Chief Medical Officer Dr Tony Holohan says the country will only be reopened in a cautious and conservative manner, as part of efforts to prevent any further COVID-19 restrictions later this year.
1,339 people with the virus have now died since the outbreak began, after a further 23 deaths were confirmed yesterday evening.
The total number of cases has risen to just under 22,000.
Ireland's gradual easing of measures - set to take place in a series of five phases between now and August - is much slower than in other countries.
However, Dr Tony Holohan has defended the approach - saying it's 'still possible' to lose control of the virus' transmission.
He said: "We are going to be conservative about this. We are going to be cautious about this.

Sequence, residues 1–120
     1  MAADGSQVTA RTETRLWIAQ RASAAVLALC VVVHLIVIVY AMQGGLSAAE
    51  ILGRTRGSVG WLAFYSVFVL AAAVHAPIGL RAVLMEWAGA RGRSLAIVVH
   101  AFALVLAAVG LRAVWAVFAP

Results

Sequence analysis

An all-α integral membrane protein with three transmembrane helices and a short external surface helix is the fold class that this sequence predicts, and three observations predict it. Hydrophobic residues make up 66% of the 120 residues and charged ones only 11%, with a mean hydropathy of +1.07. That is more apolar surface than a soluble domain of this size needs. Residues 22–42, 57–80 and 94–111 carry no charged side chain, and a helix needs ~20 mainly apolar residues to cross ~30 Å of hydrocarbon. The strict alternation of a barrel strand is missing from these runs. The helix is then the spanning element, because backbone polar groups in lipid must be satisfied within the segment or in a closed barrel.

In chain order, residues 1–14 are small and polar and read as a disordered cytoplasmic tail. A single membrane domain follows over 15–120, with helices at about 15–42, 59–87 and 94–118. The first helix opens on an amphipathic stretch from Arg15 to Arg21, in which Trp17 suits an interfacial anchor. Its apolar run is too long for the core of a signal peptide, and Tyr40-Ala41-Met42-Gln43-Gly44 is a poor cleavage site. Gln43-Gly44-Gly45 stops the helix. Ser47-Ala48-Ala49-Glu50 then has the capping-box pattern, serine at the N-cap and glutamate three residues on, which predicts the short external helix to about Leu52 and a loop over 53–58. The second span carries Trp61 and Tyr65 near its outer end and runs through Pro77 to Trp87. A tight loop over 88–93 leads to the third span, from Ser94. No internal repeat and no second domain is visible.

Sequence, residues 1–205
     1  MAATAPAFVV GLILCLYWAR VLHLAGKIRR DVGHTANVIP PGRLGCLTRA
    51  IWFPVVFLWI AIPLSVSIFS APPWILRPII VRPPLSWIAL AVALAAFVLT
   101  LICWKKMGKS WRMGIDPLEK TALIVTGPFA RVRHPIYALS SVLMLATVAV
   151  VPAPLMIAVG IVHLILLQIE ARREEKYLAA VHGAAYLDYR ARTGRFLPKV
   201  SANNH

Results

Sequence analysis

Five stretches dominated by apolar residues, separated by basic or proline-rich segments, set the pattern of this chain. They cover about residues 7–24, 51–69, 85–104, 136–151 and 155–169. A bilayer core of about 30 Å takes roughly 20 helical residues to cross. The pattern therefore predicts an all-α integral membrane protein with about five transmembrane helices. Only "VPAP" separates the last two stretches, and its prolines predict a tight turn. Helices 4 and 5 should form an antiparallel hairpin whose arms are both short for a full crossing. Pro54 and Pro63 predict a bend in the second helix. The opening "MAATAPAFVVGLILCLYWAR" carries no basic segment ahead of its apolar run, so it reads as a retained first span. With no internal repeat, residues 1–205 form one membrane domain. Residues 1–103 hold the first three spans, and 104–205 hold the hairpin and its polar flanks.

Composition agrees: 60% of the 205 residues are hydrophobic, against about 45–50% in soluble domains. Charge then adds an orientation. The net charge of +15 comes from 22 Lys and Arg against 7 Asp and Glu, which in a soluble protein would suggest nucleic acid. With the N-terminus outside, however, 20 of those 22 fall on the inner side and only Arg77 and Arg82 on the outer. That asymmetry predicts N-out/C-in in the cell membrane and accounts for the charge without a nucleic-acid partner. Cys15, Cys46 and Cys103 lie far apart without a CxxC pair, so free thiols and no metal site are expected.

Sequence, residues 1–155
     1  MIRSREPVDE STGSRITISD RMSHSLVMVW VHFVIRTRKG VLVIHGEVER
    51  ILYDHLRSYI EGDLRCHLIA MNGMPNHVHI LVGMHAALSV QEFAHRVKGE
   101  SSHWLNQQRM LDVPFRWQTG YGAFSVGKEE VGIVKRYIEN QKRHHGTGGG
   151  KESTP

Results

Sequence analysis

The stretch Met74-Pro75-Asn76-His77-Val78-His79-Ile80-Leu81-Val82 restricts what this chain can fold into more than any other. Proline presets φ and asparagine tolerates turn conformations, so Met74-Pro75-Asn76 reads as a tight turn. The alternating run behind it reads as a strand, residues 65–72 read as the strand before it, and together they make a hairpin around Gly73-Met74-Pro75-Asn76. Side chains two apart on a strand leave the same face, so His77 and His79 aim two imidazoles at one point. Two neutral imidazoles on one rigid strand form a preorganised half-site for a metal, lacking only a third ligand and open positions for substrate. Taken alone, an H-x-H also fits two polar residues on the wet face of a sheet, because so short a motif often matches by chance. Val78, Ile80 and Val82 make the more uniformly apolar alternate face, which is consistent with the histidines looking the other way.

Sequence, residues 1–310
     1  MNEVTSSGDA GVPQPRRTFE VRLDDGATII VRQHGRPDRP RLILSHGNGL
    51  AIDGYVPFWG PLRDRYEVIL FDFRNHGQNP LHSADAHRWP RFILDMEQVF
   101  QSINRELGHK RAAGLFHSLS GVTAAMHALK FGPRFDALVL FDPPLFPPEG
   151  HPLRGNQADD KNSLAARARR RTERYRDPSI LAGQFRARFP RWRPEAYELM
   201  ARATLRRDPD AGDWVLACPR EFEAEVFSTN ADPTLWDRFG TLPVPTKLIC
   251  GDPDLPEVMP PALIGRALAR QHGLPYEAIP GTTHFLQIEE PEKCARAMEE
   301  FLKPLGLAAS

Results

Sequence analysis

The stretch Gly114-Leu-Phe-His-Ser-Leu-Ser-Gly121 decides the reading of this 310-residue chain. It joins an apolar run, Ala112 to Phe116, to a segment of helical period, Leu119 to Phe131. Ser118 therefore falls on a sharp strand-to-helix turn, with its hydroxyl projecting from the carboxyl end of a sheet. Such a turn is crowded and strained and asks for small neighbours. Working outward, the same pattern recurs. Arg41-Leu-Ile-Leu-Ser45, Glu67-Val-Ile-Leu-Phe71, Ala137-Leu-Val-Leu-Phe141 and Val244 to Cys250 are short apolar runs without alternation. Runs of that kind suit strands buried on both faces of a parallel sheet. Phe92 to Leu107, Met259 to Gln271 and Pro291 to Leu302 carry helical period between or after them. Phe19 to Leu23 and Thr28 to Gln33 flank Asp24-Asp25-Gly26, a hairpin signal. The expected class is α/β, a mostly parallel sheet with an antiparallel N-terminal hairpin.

"If we lose control in the way that is still possible - as much as it was in the early days of February - we could have a very significant challenge in our healthcare system, and a very significant impact more importantly on the health of people.
"We could be walking back a road in terms of the reintroduction of restrictions."
Dr Holohan said officials need to be satisfied that the easing of any restrictions does not lead to an "untoward spread" of the infection - but stressed they will walk back any decision to ease restrictions if they have to.
It comes as officials say more than 61,000 COVID-19 tests have been carried out in the past week, with 2,200 returning a positive result.
The total number of tests carried out is now close to 215,000.
From today, testing criteria is being broadened so that people will no longer need to be in an at-risk group to be eligible.
Dr Cillian De Gascun, head of the COVID-19 Expert Advisory Group, says they are keeping a close eye on the demand for testing.
He said: "What we'll be waiting to see over the coming 7-10 days is what the demand for testing is like in the community.
"Obviously the number of positive confirmed cases is going down... our positivity rate is going down. That gives us an indication that there's perhaps not as much disease out there as we might expect, which is a positive finding."